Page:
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Myron House

Myron House
SGA Fellow
Class of 2009

Myron House was born June 14, 1951, in New Albany, Indiana. He graduated from Clayton Junior College (AA 1971), Georgia State University (BA in History 1972), Emory University (MA in History 1973), and Atlanta University (MSLS 1979).

In 1980 Myron became the first Reference/Special Collections Librarian at West Georgia College (now the University of West Georgia). While at UWG he was in charge of university records, local history materials, rare books, and political collections. He also taught an archives course and practicum as part of the public history program. He was active in SGA, serving as Treasurer and President.

In 1998 Myron co-authored a history of the university, a project he and the late Dr. J. C. Bonner had begun in 1983. He retired August 18, 2006, on the 100th anniversary of UWG.

Myron and his wife, Jan, currently live in Statesboro, Georgia.

Describe how SGA has influenced your development as a professional.

One of the first things I did as an archivist was to join SGA. I attended the Archives Institute in 1982. And, of course, through the years I benefited from SGA meetings and workshops and the advice of fellow archivists.

What advice would you give a student or individual considering a career in archives?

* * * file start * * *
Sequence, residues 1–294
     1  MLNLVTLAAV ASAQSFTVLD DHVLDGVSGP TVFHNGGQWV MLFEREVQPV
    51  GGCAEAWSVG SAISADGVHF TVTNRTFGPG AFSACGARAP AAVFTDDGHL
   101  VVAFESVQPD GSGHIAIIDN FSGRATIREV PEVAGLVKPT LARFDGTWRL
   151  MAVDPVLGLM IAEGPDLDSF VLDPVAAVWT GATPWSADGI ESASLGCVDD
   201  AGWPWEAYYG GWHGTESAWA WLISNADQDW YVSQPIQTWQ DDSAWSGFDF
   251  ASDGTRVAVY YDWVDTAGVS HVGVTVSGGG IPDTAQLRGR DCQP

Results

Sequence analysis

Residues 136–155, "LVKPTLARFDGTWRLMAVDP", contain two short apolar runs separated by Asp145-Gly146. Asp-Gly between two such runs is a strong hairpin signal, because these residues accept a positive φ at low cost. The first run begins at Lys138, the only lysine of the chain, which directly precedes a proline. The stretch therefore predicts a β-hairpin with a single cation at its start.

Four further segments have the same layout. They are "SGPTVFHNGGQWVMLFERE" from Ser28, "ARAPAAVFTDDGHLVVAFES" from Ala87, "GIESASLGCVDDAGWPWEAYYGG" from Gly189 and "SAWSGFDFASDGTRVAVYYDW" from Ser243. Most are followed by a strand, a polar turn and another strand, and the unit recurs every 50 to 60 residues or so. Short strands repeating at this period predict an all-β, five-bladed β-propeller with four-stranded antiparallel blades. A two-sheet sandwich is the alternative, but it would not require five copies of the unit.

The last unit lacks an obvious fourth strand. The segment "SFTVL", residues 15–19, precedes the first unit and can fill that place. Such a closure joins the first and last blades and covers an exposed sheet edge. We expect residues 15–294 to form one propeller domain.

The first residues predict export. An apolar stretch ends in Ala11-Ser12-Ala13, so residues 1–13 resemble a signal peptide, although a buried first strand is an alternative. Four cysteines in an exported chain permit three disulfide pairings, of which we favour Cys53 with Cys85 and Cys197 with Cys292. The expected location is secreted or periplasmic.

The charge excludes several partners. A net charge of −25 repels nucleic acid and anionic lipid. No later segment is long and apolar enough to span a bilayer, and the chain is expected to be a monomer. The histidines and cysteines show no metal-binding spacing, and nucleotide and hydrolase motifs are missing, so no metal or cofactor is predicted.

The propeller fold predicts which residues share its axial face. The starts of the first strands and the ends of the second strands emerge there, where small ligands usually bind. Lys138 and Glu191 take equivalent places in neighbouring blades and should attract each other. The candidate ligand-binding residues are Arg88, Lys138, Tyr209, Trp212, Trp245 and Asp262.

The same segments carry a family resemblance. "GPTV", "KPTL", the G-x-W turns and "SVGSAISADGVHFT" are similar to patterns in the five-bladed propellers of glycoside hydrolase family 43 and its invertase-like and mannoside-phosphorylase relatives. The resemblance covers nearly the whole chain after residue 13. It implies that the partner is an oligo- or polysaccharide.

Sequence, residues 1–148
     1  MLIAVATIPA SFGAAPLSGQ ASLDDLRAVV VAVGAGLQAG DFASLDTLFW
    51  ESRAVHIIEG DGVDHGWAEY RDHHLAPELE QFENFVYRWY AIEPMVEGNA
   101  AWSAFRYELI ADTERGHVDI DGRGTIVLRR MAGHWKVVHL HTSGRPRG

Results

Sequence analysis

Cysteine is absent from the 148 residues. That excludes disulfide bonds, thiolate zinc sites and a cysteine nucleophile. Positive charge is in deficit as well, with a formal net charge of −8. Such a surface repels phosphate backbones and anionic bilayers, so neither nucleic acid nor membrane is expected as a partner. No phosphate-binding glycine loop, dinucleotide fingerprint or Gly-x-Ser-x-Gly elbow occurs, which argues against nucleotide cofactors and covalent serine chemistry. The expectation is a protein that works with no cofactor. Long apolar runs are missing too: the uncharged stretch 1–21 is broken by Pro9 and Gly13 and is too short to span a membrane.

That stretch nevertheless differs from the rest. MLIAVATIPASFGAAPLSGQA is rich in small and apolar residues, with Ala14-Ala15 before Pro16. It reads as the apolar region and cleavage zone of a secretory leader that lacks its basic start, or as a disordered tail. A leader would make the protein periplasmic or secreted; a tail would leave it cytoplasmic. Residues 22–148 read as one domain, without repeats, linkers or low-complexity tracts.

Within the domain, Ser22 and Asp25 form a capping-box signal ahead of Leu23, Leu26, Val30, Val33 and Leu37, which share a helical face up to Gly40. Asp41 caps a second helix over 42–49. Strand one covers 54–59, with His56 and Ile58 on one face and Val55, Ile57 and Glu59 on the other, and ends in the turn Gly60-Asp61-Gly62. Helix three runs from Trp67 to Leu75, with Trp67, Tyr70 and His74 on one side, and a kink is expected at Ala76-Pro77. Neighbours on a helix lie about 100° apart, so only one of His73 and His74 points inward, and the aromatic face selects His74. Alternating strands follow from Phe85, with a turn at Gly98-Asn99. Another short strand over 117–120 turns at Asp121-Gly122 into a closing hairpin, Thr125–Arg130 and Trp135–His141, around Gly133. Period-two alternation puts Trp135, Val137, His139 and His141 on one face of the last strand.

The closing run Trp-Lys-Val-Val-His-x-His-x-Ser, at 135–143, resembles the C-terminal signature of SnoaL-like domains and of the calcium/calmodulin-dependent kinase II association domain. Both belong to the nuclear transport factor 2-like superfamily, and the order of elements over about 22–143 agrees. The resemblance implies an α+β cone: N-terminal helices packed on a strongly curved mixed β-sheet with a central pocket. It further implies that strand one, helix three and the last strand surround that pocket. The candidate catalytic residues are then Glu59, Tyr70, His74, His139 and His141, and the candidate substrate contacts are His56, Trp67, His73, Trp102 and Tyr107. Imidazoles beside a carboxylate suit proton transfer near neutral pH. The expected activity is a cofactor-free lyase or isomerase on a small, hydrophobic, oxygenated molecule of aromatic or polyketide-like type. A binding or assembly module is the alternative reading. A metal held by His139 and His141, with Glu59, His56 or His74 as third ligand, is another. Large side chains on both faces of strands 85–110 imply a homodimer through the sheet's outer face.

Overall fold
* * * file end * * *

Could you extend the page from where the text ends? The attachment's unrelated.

The archives profession is one of the most interesting careers I can imagine. You work with history at a level most historians would envy. Sometimes you have the opportunity to meet the creators of the records you manage and they are often important and always very interesting people.

Describe one of your fondest professional memories or a highlight of your career in archives.

In January 2003, it fell to me to remove the papers and office of Speaker of the Georgia House Tom Murphy from the State Capitol to UWG. I photographed and videotaped every inch of the office. An architect was brought in to make detailed drawings of the office once it was emptied. Removing Murphy's papers was the easy part. His office was packed full of 30 years' worth of caps, mugs, canes, photos, etc. If Secretary of State Cox had not made pre-arrangements with a fine arts handler, I would not have made it in the ten days allotted for the task. We finished with one day to spare. Today Speaker Murphy's office has been replicated in the library at UWG and is open for viewing.

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